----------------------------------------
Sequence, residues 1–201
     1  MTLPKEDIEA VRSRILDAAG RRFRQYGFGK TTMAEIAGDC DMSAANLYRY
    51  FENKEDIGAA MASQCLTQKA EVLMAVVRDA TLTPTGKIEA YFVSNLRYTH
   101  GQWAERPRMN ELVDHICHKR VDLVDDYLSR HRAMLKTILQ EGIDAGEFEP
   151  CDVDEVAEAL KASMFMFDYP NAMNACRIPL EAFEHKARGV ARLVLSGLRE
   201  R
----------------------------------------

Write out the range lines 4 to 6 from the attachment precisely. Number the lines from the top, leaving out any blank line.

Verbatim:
   101  GQWAERPRMN ELVDHICHKR VDLVDDYLSR HRAMLKTILQ EGIDAGEFEP
   151  CDVDEVAEAL KASMFMFDYP NAMNACRIPL EAFEHKARGV ARLVLSGLRE
   201  R